The resultant carbon supports of the present invention possess a high degree of hardness, and consequently, they tend to resist breaking, chipping, cracking and other physical damage. The resultant carbon supports are characterized as having uniformly sized and shaped particles. The resultant carbon supports are basic in that they are not acidic nor neutral. Another advantage associated with resultant carbon supports of the present invention is that the level of porosity and/or extent of surface area are controllable, primarily by varying the heat treatment parameters and by varying the relative amounts of the ingredients (the carbonaceous material and the optional additives). Porosity and/or surface area may also be controllable or is further controllable by the amount and the type of additive, such as the rheology control agent or the extrusion aid. The resultant carbon supports of the present invention may also possess a relatively small amount of phosphorus compared to conventional carbon catalyst supports.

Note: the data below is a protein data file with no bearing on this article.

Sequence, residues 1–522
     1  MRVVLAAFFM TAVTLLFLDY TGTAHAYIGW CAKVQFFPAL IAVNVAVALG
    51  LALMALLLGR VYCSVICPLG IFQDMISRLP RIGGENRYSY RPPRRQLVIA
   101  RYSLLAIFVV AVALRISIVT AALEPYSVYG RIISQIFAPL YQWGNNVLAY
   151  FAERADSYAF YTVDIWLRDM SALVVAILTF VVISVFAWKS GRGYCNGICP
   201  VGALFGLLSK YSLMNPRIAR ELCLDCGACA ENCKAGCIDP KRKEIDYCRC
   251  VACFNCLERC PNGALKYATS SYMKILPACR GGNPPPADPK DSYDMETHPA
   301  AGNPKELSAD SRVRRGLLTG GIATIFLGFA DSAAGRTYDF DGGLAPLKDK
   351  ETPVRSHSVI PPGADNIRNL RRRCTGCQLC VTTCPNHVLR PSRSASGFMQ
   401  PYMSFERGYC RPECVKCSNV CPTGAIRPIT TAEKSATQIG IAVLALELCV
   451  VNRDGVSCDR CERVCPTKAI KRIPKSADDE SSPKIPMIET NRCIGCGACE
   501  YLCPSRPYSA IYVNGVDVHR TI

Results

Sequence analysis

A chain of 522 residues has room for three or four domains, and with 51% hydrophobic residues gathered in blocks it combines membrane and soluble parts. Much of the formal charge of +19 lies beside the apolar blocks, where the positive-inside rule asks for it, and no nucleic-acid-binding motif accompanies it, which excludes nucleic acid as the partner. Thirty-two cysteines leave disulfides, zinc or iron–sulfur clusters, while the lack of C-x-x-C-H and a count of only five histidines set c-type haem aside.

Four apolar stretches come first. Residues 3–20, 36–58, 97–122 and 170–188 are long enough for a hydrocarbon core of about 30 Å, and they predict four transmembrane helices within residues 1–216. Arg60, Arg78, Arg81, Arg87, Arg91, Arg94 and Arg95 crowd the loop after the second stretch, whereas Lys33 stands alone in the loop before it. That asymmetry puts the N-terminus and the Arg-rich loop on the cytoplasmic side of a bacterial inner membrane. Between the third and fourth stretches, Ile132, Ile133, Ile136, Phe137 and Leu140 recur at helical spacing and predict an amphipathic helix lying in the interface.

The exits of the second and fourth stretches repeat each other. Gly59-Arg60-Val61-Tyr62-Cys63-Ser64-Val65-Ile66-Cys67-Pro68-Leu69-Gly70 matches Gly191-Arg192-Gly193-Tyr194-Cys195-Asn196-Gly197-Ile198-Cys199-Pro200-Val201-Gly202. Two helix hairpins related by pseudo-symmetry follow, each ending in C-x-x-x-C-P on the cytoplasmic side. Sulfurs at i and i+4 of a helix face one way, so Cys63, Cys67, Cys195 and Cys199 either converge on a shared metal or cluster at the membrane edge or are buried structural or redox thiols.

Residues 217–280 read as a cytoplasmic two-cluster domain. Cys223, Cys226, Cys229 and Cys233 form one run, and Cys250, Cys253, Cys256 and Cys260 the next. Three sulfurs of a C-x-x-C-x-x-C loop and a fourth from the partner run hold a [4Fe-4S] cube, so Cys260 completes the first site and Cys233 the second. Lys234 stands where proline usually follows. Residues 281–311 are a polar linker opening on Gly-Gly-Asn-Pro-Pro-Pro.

The resultant carbon supports are basic in that when contacted with water, a basic reaction occurs and the carbon-water slurry has a pH of at least about 8. Thus, the resultant carbon support is inherently a base. In another embodiment, when the resultant carbon support is contacted with water, the pH is at least about 8.5. In yet another embodiment, when the resultant carbon support is contacted with water, the pH is at least about 9. The term basic carbon support therefore refers to a carbon support that when placed in water, yields a pH of at least about 8, at least about 8.5, or at least about 9. While not wishing to be bound by any theory, it is believed that the basic nature of the resultant carbon supports contributes to or improves at least one of: facilitates precious metal impregnation, facilitates a debenzylation reaction, facilitates formation of desirable porosity and/or pore sizes.

Generally, the total pore surface area of the carbon supports of the present invention correspond to a weighted average of the total surface pore area of the optional additives and carbonaceous material. In one embodiment, the total pore surface area of the carbon supports is about 800 m2/g or more and about 2,000 m2/g or less. In another embodiment, the total pore surface area of the carbon supports is about 1,000 m2/g or more and about 1,900 m2/g or less.